“If my partner is late, I knock over a candle, it ends up messy, timings mess up, or whatever can go wrong [does], I’ll have a meltdown,” said Rose Lauren Hughes, a 29-year-old autistic neurodiversity and disability specialist in Belgium. In cases like this, it helps to remember that sex almost never goes as planned, and that’s OK (in fact, it’s part of why sex is great). Henry suggested reminding yourself that “there is no set sexual script, and people have all sorts of variation when it comes to sex.” Basically, when you’re making plans, also plan to be surprised.

You can also incorporate expressions of cognitive rigidity into sex itself. For instance, this set of behaviors can show up as a need for structure in one’s schedule, which can create concerns about how long sex lasts. “I have engaged in roleplay of sorts where we used a timer, which was fun for me… having that time set and the boundary in control,” said Hughes. “In moments where I've been able to enjoy sexual activity before I need to be out or go somewhere, I say, ‘OK, we have 10 minutes,’ I ask Google to set an alarm, and the situation becomes more intense due to my partner and I racing that clock. But it's always playful, never overly conducted!”


Minimize anxiety triggers during sex

Many people have trouble quieting their minds and focusing during sex. This may be particularly challenging for autistic people, because their minds are working overtime to process a lot of information all at once, said Megrew. 

Hughes describes her inner dialogue during sex in the following way: “Smells. Lighting. Temperature. Have I shaved? Am I bloated? Have I got to pee? Do I smell? Did I brush my teeth? Is there something nearby for cleanup? My shoes in the corner aren’t straight… That’s my brain when it should be, Ooh, that feels nice.”

In situations like these, Hughes sometimes finds it helpful to use a blindfold. “If I close my eyes, there is no risk of being distracted by literally anything,” she said, adding that she enjoys positions facing away from her partner. “Eye contact is super hard for my autism,” Hughes said, so she prefers to avoid the overstimulation that can come with it.

Some autistic people find certain sensory stimuli, such as textures or smells, to be comforting when they get overanxious, and these individuals may also gravitate toward BDSM. “A lot of people utilize rope because they like the way it feels,” said Duroc-Danner. Other textures people enjoy could include those of toys, like feather ticklers or floggers. 

Hughes said that cold, hard textures do it for her. “We put metal in the fridge and then use it in a tantric way,” she said. “I find it calming for my sensory needs.”


Another way autistic people commonly soothe themselves is by listening to the same song on repeat, and this strategy can also be utilized during sex, said Megrew. She suggested creating a playlist of just a few favorite sexy songs, perhaps ones without lyrics for minimal distraction. “It’s sort of a preemptive strike,” she said. “If I know my brain is going to be distracted by anything and everything it hears from my environment, I’d rather give it something that is going to keep my head on what I want to keep it on.”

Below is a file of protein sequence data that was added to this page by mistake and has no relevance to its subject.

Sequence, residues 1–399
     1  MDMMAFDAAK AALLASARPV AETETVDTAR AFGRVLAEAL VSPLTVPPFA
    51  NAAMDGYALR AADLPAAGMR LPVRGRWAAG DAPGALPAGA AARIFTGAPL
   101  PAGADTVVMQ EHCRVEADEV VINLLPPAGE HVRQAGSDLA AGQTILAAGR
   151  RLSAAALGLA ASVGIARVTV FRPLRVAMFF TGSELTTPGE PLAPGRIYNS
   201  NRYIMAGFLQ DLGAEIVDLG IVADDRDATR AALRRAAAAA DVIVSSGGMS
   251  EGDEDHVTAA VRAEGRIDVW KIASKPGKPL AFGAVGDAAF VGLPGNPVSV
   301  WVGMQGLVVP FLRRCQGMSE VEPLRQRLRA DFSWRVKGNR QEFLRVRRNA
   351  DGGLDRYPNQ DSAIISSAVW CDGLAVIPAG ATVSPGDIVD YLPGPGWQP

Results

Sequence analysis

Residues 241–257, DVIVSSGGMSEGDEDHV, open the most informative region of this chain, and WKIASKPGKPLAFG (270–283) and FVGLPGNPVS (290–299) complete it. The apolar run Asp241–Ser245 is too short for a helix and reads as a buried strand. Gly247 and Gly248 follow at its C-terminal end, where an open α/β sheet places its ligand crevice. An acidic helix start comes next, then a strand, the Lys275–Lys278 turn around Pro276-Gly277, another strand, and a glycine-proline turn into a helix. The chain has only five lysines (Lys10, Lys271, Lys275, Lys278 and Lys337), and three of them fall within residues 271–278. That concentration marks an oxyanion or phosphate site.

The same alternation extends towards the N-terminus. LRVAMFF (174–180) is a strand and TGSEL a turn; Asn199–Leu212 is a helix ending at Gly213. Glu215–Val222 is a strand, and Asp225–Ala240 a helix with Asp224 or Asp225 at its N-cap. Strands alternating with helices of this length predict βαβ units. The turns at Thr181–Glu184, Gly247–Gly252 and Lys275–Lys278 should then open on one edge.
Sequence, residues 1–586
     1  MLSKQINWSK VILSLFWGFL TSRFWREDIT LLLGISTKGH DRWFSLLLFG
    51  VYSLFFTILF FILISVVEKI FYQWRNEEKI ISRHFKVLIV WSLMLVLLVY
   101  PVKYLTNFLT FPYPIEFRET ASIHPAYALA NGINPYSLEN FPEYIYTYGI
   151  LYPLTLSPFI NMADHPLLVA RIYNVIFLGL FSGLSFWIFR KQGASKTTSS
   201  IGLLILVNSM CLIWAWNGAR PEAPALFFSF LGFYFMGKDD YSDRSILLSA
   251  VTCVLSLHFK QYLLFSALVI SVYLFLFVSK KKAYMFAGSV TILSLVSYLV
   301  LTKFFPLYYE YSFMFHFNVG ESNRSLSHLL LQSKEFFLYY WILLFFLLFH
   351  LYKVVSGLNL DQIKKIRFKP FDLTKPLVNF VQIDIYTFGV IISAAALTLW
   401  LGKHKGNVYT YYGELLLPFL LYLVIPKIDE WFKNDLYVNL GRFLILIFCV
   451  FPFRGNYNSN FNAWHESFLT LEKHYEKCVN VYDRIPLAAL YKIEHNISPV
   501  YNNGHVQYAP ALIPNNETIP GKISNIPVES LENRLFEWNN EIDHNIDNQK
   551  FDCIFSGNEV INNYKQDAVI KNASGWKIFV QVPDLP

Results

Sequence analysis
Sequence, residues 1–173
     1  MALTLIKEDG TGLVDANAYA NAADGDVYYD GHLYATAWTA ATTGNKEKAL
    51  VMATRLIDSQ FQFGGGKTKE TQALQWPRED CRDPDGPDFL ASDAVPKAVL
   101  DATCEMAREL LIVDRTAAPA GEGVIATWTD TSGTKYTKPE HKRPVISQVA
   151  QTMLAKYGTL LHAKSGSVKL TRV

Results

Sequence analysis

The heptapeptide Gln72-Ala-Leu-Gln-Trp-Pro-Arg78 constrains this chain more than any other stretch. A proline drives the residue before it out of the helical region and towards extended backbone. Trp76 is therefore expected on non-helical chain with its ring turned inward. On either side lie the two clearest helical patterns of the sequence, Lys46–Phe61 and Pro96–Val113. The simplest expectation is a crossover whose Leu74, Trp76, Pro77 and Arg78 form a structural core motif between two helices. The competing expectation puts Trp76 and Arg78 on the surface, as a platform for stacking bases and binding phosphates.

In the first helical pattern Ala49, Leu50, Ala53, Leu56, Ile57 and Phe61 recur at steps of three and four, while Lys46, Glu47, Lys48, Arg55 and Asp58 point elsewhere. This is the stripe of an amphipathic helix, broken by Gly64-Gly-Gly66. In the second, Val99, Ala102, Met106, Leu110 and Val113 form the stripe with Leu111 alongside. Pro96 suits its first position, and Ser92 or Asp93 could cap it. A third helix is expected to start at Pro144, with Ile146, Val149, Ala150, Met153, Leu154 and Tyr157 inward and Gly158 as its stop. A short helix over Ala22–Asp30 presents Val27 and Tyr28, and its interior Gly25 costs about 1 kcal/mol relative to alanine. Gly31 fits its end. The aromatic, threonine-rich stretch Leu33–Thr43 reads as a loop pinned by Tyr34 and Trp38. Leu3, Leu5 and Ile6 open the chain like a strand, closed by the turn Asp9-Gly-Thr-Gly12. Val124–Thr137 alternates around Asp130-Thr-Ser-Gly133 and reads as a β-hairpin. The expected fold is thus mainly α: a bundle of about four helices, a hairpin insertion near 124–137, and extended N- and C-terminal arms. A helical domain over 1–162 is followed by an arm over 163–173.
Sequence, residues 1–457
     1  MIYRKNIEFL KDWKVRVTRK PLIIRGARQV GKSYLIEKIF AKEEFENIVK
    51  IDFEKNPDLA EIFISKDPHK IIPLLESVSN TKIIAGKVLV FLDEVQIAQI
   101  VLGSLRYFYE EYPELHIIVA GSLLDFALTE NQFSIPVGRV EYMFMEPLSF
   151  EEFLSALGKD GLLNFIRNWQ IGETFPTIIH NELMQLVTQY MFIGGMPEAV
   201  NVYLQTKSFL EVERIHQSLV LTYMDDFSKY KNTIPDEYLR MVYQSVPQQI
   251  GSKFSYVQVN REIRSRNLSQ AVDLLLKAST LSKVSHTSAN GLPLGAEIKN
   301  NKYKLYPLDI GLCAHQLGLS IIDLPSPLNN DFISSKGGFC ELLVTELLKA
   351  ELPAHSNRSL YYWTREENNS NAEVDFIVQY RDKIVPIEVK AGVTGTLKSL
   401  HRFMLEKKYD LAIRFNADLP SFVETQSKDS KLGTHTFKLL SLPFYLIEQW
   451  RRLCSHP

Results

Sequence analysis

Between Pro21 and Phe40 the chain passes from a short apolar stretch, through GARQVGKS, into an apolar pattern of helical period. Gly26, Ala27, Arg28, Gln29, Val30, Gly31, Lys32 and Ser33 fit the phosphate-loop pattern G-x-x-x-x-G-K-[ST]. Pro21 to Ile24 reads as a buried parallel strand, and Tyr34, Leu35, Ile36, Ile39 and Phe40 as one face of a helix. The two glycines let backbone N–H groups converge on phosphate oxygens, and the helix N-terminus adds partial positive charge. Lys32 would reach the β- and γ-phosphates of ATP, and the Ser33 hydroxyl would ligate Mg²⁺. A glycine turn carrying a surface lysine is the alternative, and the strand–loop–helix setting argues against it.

Communicate about—or let go of—social scripts during sex

Like all of us, autistic people can benefit from having explicit conversations with partners about what each person wants in the bedroom to avoid any miscommunications that may stem from difficulty reading social cues. “I like to talk about sex before having it,” said Hughes. “Every person, neurodiverse or not, still has personal preferences. It’s just become apparent to me that in order to have an optimized experience, I need to understand and express my needs.”

Those who struggle with knowing what to do in social situations may appreciate having some kind of structure to adhere to, which is another reason BDSM can come in handy. Megrew sometimes recommends BDSM to autistic clients who want a script to follow during sex. “One of the things that can be very difficult for my brain is not knowing what the expectation is,” she said. “When I am playing the role of a dom or a sub, there's a very clear expectation of what to do and how to do it.”

The fact that autistic people don’t always follow social scripts can be a positive thing, allowing them to have sex in whatever way works for them and express themselves freely. “As autistic people, we’re very direct and upfront,” said autism sexuality advocate Amy Gravino. “As startling as it can be at first, it is beneficial. When I became more able to assert myself, it became an asset to be able to say, ‘Yes, more, faster,’ or, ‘I don’t like that.’”

Personally, since I sometimes find social interactions awkward, I love how sex can make me feel completely in tune with someone else. Autistic people who struggle with relationships may even find sex to be a healing experience, allowing them to form connections and feel close to others. “A lot of times with neurodivergence, there are sensory experiences we avoid, but we can relearn them in a positive way” though sex, said Michelle Hunt, a psychotherapist specializing in autism. “If we learn that touching during sex is from someone we love, we can reframe it in a positive association. For example, ‘I don’t like being touched—but if it’s from a spouse, it’s OK.’”

Whatever your specific desires and preferences are, embracing them is the key to having a satisfying sex life, whether you’re autistic or not. “It’s really about having your desires validated to know that you’re OK, there’s nothing wrong with you,” said Gravino. “And finding a partner who’s willing to listen.”